Scott Pelley: It was known to the IRA.
Gerry Adams: Yes. Absolutely.
Scott Pelley: And you're saying you didn't know?
Gerry Adams: Yes.
Scott Pelley: How do you orphan 10 children? What kind of depravity is that?
Gerry Adams: That's what happens in wars, Scott. That's not minimize it that's what American soldiers so British soldiers do Irish Republican soldiers do that's what happens in every single conflict.
Scott Pelley: He told us in an interview that he wasn't even aware that she had disappeared for a long time.
Helen McKendry: He likes people to know that. But he's telling lies. He's a liar. I told him to his face, he's a liar. He knows.
Thirty years after she vanished, Jean McConville was discovered on this beach. A hiker found her bones with a bullet hole in the back of her skull.
Scott Pelley: For you, after all these years, what would justice be in your mother's case?
Helen McKendry: I would like to see Gerry Adams stand up and admit that he played a part. I want the people to see what this man really is. He likes to think he's God. He's not. This man has blood on his hands and I want him to pay for what he did.
After days of questioning last year, Adams was released without charges. The police say their investigation continues and they're pursuing all of the Boston College tapes. The university is offering to return the recordings to the participants and Ricky O'Rawe took them up on it.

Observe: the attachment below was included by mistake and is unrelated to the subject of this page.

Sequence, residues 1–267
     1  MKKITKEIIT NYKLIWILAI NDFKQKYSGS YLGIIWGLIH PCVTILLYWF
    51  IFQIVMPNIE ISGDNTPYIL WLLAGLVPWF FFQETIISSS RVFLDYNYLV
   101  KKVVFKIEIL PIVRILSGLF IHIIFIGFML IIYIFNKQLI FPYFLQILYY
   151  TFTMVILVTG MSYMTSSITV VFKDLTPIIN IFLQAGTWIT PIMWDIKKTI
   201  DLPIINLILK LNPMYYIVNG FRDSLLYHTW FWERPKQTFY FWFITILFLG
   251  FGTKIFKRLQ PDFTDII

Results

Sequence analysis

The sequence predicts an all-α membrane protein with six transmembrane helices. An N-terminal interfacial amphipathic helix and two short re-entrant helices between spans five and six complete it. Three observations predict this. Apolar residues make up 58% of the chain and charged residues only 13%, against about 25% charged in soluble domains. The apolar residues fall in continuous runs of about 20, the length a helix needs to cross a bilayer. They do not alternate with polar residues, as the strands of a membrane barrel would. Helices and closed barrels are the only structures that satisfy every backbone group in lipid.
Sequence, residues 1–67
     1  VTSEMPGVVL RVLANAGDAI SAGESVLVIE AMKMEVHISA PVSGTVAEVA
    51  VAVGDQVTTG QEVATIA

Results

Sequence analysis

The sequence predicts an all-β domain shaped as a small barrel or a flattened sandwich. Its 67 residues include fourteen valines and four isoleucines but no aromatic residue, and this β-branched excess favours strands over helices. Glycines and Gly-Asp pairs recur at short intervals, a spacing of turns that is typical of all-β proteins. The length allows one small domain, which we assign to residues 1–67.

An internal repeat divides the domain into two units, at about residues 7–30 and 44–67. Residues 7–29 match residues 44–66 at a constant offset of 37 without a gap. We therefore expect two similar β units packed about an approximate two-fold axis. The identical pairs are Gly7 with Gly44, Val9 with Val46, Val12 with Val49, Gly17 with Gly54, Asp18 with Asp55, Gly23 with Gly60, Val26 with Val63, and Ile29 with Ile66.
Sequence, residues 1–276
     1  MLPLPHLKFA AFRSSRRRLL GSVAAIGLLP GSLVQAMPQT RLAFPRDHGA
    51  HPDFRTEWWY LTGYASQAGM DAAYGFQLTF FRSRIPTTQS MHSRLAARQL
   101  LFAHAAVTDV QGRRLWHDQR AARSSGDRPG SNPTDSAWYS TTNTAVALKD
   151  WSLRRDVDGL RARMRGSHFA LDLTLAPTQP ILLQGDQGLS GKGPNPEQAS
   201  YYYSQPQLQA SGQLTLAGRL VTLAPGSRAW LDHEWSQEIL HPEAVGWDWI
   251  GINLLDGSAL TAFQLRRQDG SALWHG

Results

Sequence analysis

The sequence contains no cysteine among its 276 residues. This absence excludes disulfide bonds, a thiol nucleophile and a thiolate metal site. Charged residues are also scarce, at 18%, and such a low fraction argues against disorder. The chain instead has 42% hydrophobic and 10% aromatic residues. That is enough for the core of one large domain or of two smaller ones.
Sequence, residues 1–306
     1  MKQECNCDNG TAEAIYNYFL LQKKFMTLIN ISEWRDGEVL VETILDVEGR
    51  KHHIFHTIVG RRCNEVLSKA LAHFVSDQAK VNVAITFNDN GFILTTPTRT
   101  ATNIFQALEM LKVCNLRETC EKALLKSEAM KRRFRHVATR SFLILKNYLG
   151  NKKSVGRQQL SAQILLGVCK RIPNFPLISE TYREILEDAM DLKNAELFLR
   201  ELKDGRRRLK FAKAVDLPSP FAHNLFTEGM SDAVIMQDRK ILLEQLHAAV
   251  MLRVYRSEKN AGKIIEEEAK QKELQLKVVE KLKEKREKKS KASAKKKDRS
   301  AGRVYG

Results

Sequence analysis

Scott Pelley: What did you do with the tapes?
Ricky O'Rawe: I burnt 'em.
Scott Pelley: You burned them?
Ricky O'Rawe: Yeah, I lit a big fire, I had a bottle of burgundy, I toasted them when I burnt 'em.
Memories smolder 17 years after that Good Friday -- an exception to the famous Irish warning about forgetting the past. Maybe in Belfast, those who remember history are doomed to repeat it.
Scott Pelley: Do you apologize for all the pain and suffering and injury it was caused?
Gerry Adams: Of course for those civilians, for those people who were caught up in this, who were victims of the IRA, of course I apologize. That I'm a Republican leader, I accept my responsibilities in all of those matters. I don't apologize for the IRA, for its existence, for its right to engage as it did. But surely you wouldn't be a thinking person if you didn't regret all that happened here.